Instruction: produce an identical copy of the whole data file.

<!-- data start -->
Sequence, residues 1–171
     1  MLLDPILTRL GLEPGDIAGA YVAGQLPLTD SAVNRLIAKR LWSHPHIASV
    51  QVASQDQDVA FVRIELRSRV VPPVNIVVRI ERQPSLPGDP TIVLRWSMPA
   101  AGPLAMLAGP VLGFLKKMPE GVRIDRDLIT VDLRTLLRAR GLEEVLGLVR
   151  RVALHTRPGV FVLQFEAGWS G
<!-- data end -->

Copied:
Sequence, residues 1–171
     1  MLLDPILTRL GLEPGDIAGA YVAGQLPLTD SAVNRLIAKR LWSHPHIASV
    51  QVASQDQDVA FVRIELRSRV VPPVNIVVRI ERQPSLPGDP TIVLRWSMPA
   101  AGPLAMLAGP VLGFLKKMPE GVRIDRDLIT VDLRTLLRAR GLEEVLGLVR
   151  RVALHTRPGV FVLQFEAGWS G